Steel Users Urge President to Reject Steel Industry's Call for Import Relief
Bureau of National Affairs
Daily Report for Executives
October 30, 2000
By Rossella Brevetti
Reproduced with permission from Daily Report for Executives, No. 210, p. A-9 (Oct. 30, 2000). Copyright 2000 by The Bureau of National Affairs, Inc. () http://www.bna.com.
The Consuming Industries Trade Action Coalition, a coalition of steel-using companies and trade associations, Oct. 26 urged President Clinton to reject calls from U.S. steelmakers for relief from imports.
CITAC was reacting to an Oct. 16 letter from steel industry and union officials asking the Clinton administration to self-initiate a case under Section 201 of the 1974 Trade Act. Section 201 cases can result in import restrictions if the investigated product is found to be a substantial cause of serious injury or threat of serious injury to the U.S. industry.
The industry letter also urged that existing restrictions on steel be kept in place and that agreements be considered with countries that are not World Trade Organization members. Steel imports surged to unprecedented levels in the United States in 1998.
The industry letter warned that imports are again above pre-crisis levels and are moving to where they stood at the height of the crisis. "Because the relief Big Steel demands is unwarranted and would create far more harm than good to the United States economy, such a demand is contrary to the national interest. We urge you to reject this and other calls for extraordinary trade restrictions," CITAC Chairman Jon E. Jensen wrote in a letter to the president. Copies of the letter were sent to the House and Senate leadership.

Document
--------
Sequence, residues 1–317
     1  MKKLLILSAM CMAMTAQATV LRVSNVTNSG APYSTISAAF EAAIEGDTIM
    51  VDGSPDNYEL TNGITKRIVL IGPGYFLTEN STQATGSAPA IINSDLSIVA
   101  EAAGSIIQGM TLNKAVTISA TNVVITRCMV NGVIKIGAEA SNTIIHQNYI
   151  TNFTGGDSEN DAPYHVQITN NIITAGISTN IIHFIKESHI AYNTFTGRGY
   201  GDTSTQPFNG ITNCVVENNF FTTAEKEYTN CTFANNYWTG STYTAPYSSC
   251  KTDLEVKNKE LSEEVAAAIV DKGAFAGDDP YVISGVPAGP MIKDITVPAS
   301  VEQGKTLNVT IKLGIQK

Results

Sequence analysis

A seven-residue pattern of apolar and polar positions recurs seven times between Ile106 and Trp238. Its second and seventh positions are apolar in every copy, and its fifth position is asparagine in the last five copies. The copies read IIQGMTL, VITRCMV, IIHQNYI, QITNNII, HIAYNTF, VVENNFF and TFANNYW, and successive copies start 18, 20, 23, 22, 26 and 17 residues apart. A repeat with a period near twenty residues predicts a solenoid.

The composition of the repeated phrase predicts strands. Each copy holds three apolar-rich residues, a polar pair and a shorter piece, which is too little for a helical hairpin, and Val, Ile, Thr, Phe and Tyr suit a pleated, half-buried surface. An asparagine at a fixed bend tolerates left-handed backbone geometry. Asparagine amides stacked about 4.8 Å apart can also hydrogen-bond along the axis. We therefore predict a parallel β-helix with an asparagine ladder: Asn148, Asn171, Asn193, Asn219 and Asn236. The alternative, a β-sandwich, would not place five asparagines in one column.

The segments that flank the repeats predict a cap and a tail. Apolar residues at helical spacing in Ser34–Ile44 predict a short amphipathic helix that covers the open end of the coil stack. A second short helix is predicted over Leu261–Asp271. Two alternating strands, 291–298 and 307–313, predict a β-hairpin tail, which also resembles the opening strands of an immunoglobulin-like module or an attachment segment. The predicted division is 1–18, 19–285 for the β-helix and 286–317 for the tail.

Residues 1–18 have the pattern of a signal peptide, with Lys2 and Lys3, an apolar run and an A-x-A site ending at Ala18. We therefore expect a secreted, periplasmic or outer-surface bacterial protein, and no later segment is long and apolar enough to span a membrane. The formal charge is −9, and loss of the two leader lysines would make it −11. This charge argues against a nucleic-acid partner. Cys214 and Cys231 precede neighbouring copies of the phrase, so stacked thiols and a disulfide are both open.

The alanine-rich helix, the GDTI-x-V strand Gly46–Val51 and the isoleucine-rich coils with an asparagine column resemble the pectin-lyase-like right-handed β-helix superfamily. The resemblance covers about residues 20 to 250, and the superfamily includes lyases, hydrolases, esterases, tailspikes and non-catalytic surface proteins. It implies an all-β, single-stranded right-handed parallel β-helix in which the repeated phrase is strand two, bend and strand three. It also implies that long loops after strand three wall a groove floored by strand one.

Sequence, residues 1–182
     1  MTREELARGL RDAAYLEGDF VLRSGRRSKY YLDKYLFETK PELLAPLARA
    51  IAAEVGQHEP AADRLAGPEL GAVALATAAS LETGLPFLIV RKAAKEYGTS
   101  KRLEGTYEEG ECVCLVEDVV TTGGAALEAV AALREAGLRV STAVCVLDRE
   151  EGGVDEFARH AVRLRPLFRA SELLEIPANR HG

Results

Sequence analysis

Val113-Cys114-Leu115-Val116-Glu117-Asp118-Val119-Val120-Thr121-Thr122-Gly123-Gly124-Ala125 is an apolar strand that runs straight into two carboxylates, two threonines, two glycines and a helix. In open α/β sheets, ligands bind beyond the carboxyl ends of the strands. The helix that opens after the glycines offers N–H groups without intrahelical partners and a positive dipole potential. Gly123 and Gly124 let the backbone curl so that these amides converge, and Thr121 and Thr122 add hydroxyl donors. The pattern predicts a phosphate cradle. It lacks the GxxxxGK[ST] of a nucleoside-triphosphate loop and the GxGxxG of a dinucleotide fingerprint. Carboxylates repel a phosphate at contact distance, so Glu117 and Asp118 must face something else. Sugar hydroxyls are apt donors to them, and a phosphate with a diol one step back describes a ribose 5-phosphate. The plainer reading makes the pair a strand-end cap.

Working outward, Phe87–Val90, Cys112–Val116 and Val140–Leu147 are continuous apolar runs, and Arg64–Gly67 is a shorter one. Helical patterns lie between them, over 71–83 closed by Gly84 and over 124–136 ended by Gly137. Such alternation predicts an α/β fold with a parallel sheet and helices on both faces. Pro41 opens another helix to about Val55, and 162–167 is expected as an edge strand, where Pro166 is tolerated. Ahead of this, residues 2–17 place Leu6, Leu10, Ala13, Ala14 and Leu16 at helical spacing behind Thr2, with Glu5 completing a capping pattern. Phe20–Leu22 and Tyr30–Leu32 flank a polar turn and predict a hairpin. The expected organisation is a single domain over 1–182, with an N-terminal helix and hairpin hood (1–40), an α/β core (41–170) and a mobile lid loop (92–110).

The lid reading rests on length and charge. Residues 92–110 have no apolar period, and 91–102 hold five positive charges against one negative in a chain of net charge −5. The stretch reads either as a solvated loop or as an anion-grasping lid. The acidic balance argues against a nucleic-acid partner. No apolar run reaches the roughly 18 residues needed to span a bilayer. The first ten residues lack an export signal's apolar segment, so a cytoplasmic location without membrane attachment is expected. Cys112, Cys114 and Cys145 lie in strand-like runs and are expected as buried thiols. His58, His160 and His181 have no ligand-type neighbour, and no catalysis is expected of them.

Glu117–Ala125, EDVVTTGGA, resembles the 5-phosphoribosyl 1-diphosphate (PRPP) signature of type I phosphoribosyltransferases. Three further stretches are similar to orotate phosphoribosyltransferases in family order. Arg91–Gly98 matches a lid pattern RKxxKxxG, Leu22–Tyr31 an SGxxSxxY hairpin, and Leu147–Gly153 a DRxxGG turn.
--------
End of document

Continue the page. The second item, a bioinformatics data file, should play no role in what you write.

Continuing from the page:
CITAC members include major producers of automobiles, heavy machinery, and a range of other products. "Many of our members rely on steel products. However, U.S. producers do not make enough steel or the right kind of steel to satisfy U.S. demand--that is why we have substantial steel imports....Only adequate supplies of imports ensure that downstream industries have sufficient supply," the letter said. The letter said that relying on import restrictions is not a solution for U.S. steelmakers. "Import restrictions not only hurt our industries in the U.S.--they subsidize our competitors. As downstream markets are distorted, U.S. customers will move out of the country, where they can get the raw materials they need," it added.
Jensen called the requests of the steel industry "inappropriate and ill-advised." If the steel industry has a good case under Section 201, they should bring it by petition, he stated in the letter. White House Chief of Staff John D. Podesta recently told United Steelworkers of America President George Becker that the administration was ready to take "all reasonable steps" to prevent a repeat of the 1998 steel import crisis. The Podesta letter to Becker stopped short of making any commitment on initiation of a Section 201 case.